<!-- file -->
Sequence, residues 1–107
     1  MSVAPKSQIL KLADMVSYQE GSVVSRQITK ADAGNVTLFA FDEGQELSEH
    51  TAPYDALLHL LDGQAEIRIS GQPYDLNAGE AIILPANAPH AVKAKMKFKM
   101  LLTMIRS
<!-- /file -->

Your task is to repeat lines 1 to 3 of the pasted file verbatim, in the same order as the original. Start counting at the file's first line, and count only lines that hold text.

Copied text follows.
Sequence, residues 1–107
     1  MSVAPKSQIL KLADMVSYQE GSVVSRQITK ADAGNVTLFA FDEGQELSEH
    51  TAPYDALLHL LDGQAEIRIS GQPYDLNAGE AIILPANAPH AVKAKMKFKM